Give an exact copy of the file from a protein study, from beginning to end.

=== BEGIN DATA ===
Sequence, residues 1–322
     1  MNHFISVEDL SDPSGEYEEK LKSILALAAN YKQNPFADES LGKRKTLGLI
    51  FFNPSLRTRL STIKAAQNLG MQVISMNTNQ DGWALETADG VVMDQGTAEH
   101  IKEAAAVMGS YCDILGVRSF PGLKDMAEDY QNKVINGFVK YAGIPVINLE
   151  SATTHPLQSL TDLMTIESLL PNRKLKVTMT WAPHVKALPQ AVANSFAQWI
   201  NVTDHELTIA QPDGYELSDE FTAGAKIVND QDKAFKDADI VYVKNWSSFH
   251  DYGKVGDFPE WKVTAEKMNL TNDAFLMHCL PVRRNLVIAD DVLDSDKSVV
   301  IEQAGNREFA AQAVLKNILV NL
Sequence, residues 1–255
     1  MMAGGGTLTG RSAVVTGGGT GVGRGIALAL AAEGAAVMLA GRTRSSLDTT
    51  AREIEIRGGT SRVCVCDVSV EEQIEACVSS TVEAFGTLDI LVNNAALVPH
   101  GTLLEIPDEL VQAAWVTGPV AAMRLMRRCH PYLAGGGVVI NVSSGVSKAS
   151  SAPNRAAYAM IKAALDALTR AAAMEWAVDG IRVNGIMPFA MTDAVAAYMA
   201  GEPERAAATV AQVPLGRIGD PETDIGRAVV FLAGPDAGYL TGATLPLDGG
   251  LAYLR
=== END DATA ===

Sequence, residues 1–322
     1  MNHFISVEDL SDPSGEYEEK LKSILALAAN YKQNPFADES LGKRKTLGLI
    51  FFNPSLRTRL STIKAAQNLG MQVISMNTNQ DGWALETADG VVMDQGTAEH
   101  IKEAAAVMGS YCDILGVRSF PGLKDMAEDY QNKVINGFVK YAGIPVINLE
   151  SATTHPLQSL TDLMTIESLL PNRKLKVTMT WAPHVKALPQ AVANSFAQWI
   201  NVTDHELTIA QPDGYELSDE FTAGAKIVND QDKAFKDADI VYVKNWSSFH
   251  DYGKVGDFPE WKVTAEKMNL TNDAFLMHCL PVRRNLVIAD DVLDSDKSVV
   301  IEQAGNREFA AQAVLKNILV NL
Sequence, residues 1–255
     1  MMAGGGTLTG RSAVVTGGGT GVGRGIALAL AAEGAAVMLA GRTRSSLDTT
    51  AREIEIRGGT SRVCVCDVSV EEQIEACVSS TVEAFGTLDI LVNNAALVPH
   101  GTLLEIPDEL VQAAWVTGPV AAMRLMRRCH PYLAGGGVVI NVSSGVSKAS
   151  SAPNRAAYAM IKAALDALTR AAAMEWAVDG IRVNGIMPFA MTDAVAAYMA
   201  GEPERAAATV AQVPLGRIGD PETDIGRAVV FLAGPDAGYL TGATLPLDGG
   251  LAYLR